What does Lawrence Franks Jr. need to be redeemed from? Perhaps it’s from being released by Jive/Zomba after his first album “Notebook Paper,” although in his own words “You might be telling the truth/but really I released myself.” Maybe it’s from being perceived as too junior to be taken seriously, given his first album referenced schoolwork and the cover saw him sitting at a desk with a blackboard in the background. Education certainly isn’t his focus on “Retarded” though, as Huey takes obscene amounts of pride in being materialistically shallow, bragging “I look blind but this money make me see things … I’m handicapped but this money make me walk straight … I get my retarded on when it’s about cash, I get my retarded on with my retarded ass.” Maybe he needs to be redeemed from feuding with Nelly, because it doesn’t seem like St. Louis was big enough for both of them. There’s little doubt that if the careers of the two were measured side by side, Nelly’s about 20 million albums ahead.

Whatever Huey’s reasons for being redeemed are, there’s no question he’s trying to be taken more seriously on “Redemption.” His deep voice has gone if anything deeper and there are Dorrough to take things to the next level on his new album’s first single “Smile & Wave.”

Dorrough: “I got my Louis V shades on, feelin good
Hangin out the sunroof, I guess I’m gettin my parade on
I smile and wave like the President
The heated nina I stay present with, squeeze it with no hesitance
Out here on the grind, I don’t know nobody else
that ain’t just out here trying to shine, I don’t need nobody else
to tell me what to do I’m fine, I ain’t never been a failure
You want to hurr it from my own mouth? I’ll tell ya”

Huey: “Homegurl, how you like my teeth?
I ain’t got to have a grill for me to floss all week
That’s the reason that I smile, and wave, I’m proud, to say
The bling in my mouth comes from usin Colgate
Ridin in this old 8, full speed, no brakes
Just set it on these wheels and I feel no shake
They said I wouldn’t make it out and even though I made it out
I still have to question what these other suckers hate about”

Could the “grill” reference be one last veiled shot at Nelly? Perhaps, but it’s still a refreshing change of pace to know a rapper might want his teeth to shine without gold and diamonds. On most of the album though, Huey is coming out as hard and as G as he possibly can, creating a virtual front without having to shop at Paul Wall’s store. The extra heavy bassline of “Section” reflects Huey’s extra mannish delivery, spitting the word “nigga” as often as possible and making sure that he’s “doing big numbers, and since numbers don’t lie, we ridin in big Hummers.” In Huey’s section they “pop bottles, nigga we don’t drink beer.” It was never easy for the average listener to relate to excessively conspicuous consumption in hip-hop, but in 2010 it’s increasingly out of place, given even those with champagne tastes have had to get used to a beer budget. Still the #1 axiom of flossy rap music is that if you don’t act like you have it, you won’t ever get it. As such Huey’s more than content to make it “Rain” with “a white bitch,” then “Go Crazy” on a pop crossover track featuring Colby O’Donis, then jump right back into bragging how “Famous” he is.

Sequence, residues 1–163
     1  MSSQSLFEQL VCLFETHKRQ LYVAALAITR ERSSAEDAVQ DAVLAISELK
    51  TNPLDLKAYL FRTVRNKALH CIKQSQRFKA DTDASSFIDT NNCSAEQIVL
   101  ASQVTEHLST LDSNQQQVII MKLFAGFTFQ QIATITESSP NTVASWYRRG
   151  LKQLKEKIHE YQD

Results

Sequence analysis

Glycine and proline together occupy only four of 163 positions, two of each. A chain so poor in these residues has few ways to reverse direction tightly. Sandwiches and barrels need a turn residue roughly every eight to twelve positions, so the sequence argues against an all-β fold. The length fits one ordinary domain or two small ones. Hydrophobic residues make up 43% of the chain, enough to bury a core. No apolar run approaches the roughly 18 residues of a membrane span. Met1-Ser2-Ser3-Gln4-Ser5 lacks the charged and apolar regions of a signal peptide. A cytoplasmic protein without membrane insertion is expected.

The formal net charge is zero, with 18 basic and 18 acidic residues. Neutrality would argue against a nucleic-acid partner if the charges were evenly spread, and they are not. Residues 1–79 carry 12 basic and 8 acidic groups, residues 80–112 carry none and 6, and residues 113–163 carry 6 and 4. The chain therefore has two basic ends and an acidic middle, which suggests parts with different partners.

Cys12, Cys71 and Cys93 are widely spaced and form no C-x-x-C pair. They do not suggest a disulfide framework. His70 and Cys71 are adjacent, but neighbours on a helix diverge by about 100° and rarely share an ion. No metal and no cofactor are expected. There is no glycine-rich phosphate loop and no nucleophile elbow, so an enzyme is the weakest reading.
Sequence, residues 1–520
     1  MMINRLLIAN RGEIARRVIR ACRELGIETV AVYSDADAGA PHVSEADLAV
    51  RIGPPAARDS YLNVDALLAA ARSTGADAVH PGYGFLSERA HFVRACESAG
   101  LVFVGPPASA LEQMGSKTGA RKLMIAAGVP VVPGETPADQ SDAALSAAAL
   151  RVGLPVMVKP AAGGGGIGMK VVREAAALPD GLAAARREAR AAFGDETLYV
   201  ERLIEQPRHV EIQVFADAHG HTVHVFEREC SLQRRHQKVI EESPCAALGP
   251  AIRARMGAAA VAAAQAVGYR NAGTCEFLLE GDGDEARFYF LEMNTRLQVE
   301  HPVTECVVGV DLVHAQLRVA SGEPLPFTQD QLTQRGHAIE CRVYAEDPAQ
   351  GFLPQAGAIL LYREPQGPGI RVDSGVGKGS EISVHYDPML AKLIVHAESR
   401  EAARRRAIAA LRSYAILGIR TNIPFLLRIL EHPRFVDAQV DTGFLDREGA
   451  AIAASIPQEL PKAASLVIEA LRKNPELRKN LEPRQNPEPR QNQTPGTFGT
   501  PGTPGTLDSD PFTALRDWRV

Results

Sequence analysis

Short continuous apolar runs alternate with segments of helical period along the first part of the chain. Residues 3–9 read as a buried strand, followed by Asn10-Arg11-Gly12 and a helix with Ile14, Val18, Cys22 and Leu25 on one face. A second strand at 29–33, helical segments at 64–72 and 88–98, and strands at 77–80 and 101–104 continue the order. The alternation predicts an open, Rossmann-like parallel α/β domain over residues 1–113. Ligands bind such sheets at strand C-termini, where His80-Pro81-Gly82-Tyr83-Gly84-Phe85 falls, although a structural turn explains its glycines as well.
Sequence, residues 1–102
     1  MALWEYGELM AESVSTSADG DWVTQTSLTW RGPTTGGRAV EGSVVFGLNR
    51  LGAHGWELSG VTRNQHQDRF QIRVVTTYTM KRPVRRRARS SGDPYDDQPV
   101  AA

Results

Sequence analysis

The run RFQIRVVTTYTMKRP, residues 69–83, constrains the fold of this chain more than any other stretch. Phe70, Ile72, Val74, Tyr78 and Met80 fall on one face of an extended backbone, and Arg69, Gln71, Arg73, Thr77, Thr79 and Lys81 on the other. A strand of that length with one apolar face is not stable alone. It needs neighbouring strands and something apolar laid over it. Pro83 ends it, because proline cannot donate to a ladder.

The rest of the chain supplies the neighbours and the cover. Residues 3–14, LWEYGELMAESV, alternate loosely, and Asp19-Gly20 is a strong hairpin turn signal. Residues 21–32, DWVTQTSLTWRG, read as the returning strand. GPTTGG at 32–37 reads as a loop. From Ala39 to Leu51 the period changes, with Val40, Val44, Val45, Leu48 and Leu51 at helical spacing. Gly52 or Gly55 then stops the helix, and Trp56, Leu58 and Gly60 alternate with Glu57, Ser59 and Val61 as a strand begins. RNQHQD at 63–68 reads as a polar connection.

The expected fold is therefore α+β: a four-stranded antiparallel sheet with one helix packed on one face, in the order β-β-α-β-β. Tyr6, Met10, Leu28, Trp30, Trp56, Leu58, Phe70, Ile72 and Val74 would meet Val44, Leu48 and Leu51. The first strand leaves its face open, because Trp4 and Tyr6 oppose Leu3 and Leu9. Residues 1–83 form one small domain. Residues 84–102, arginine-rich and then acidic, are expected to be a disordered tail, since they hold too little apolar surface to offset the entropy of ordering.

Last time around I wrote about how Huey’s song titles were more than a little bit predictable, with the burgeoning rap star working hard to be just as shallow and superficial as the subject matter the track names references. A lot of things may have changed for Huey in the last three years – his record label, his image, his tone and his delivery, but what has largely stayed the same in that time is how superficial his topics are. Age has not offered Huey any more wisdom or insight, and despite an up to date sound in terms of production he actually seems behind the times flossing to such an exaggerated degree in a recession. If you have it and can bling it there’s no reason that you shouldn’t, but there’s an old adage that those who have strength don’t need to show it off to prove it. Wealth is the same way – you don’t see Bill Gates or Warren Buffett driving Bentleys on rims. What Huey might really need to be redeemed from on “Redemption” is trying so hard to prove something – if he’d just relax and floss a LITTLE bit it wouldn’t ALMOST seem like he was faking it. His album includes a message to non-believers called “Hello 2 All My Haters,” but it’s really not hate at all – just some words of advice to help him with his third album after his forthcoming second label change.

Huey :: Redemption
6Overall Score